Editorial: Protecting minors in Nigeria

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In April, the media space was awash with the news of sexual molestation of a minor in Lagos state by a popular Yoruba actor, Olanrewaju Omiyinka James, popularly known as Baba Ijesha. According to the report, the said molestation had been going on for seven years before the issue was exposed after a supposed CCTV camera caught Baba Ijesha red-handed.

Incidents like this are becoming a common occurrence in Nigeria and it is a source of concern for us a media organisation. Several reports and investigations show that sexual molestation of minors happens unchallenged in the country. The unfortunate part is that the victims and their guardians would rather prefer to sweep the issue under the carpet in order to prevent social stigmatization.

According to a study carried out in 2018, out of 398 adolescents interviewed, 25.7% were sexually assaulted. The study also revealed that penetrative abuse occurred in 7.5% and forced abuse in 46.2% of the cases. Also, intra-familial abuse occurred in 7.5% of cases. In all, perpetrators are mostly boyfriends and neighbours of the victims.

The Center for Environment, Human Rights and Development reported that 1,200 girls had been raped in 2012 in River state, and there are also various cases sexual molestation in various parts of the country.

Also, the United Nations Children Fund (UNICEF), in its 2015 report said that one in every four girls and one in every ten boys in Nigeria had experienced sexual violence before the age of 18. Considering the endemic nature of the scourge, Cece Yara Foundation warned that about 15 million Nigerian children would be sexually abused before adulthood and 11 million of them would deal with the secrecy, trauma and long-term effect along without intervention.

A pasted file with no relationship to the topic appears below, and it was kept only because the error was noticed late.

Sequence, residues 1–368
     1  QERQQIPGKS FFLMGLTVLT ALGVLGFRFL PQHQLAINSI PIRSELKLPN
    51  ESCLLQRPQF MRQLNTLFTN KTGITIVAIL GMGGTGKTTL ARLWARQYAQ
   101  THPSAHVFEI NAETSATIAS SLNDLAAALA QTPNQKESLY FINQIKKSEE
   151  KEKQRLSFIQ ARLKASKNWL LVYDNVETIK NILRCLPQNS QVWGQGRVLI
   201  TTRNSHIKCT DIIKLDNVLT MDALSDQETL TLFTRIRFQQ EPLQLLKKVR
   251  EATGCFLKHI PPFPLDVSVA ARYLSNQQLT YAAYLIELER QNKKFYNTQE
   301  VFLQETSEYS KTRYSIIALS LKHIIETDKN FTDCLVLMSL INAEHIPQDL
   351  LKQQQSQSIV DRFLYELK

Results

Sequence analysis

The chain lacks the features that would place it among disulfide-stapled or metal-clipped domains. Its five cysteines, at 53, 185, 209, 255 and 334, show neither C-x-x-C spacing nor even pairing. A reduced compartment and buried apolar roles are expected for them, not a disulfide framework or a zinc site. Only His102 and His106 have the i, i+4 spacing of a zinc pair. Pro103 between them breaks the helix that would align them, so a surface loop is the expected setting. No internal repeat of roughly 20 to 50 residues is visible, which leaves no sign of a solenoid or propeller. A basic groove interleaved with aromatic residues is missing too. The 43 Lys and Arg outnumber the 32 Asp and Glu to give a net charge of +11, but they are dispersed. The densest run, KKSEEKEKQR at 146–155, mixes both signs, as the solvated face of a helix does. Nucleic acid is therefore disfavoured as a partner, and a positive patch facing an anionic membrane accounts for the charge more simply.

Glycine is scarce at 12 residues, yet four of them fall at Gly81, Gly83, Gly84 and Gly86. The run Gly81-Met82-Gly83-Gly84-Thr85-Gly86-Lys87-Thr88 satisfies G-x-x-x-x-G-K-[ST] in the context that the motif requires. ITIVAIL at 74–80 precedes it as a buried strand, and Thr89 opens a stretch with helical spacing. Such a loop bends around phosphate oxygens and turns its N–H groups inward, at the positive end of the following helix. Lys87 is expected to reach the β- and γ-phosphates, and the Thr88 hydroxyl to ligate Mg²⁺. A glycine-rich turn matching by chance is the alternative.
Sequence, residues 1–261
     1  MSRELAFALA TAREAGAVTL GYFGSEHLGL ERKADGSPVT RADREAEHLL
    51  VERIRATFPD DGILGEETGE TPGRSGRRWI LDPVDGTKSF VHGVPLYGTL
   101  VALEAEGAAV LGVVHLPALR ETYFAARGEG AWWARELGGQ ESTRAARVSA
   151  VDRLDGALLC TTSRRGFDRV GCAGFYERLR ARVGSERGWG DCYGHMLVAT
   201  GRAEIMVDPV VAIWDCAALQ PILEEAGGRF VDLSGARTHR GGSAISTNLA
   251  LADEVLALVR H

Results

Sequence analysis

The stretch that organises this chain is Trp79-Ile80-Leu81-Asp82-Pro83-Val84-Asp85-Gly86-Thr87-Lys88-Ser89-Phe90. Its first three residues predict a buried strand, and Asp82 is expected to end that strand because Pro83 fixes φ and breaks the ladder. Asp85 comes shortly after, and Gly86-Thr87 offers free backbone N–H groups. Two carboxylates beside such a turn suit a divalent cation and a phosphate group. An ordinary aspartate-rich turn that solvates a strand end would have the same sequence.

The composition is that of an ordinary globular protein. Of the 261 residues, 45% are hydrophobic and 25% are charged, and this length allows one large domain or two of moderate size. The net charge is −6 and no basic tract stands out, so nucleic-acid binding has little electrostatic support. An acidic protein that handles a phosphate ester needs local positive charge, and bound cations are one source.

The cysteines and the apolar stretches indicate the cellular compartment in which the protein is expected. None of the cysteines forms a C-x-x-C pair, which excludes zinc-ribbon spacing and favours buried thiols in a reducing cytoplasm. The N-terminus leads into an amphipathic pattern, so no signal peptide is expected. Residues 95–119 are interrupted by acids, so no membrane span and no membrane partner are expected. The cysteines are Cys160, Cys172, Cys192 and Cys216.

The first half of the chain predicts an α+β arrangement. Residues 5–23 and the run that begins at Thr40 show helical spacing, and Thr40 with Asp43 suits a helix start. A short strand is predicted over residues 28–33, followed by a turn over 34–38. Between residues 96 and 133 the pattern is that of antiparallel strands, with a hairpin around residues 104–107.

This social abnormal is fueled by various factors which include poor parenting, child labour and the dangerous rise of baby factories. The operators of baby factories prey mostly on young girls who were either kidnapped or given to the operators of these factories, where they are raped for the purpose of procreation and to advance their own nefarious business.

We are concern that the continued prevalence of child sexual molestation is becoming a social pandemic and endangers the lives of the Nigerian children. There is therefore the urgent need to educate children and their parents on ways to prevent and reduce child sexual abuse. Also, proffering ways of getting out-of-school children back into classrooms would go a long way to reduce sexual molestation of minors.

While we encourage parents, guardians to be vigilant, observant and develop closer relationships with their children and wards, when such criminal acts are detected, it should not be swept under the carpet but rather, reported to authorities for prosecution.

We are aware that there are various laws under which violators and pedophiles can be prosecuted, we urge state government that are yet to domesticate the Violence Against Persons Prohibition Act, and the Child Rights Act in their states to domesticate in order to protect every Nigerian child and ensure that perpetrators of such acts are brought to book.

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